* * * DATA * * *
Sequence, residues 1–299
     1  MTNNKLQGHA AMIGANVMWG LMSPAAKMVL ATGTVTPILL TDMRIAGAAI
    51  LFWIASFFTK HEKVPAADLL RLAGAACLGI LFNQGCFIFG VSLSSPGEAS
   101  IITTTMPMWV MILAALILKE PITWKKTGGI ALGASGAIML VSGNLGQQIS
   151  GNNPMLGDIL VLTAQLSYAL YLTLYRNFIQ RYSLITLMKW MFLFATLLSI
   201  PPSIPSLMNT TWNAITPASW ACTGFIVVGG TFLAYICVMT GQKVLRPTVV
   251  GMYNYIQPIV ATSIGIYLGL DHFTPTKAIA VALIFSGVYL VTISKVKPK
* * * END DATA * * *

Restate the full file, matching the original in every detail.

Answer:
Sequence, residues 1–299
     1  MTNNKLQGHA AMIGANVMWG LMSPAAKMVL ATGTVTPILL TDMRIAGAAI
    51  LFWIASFFTK HEKVPAADLL RLAGAACLGI LFNQGCFIFG VSLSSPGEAS
   101  IITTTMPMWV MILAALILKE PITWKKTGGI ALGASGAIML VSGNLGQQIS
   151  GNNPMLGDIL VLTAQLSYAL YLTLYRNFIQ RYSLITLMKW MFLFATLLSI
   201  PPSIPSLMNT TWNAITPASW ACTGFIVVGG TFLAYICVMT GQKVLRPTVV
   251  GMYNYIQPIV ATSIGIYLGL DHFTPTKAIA VALIFSGVYL VTISKVKPK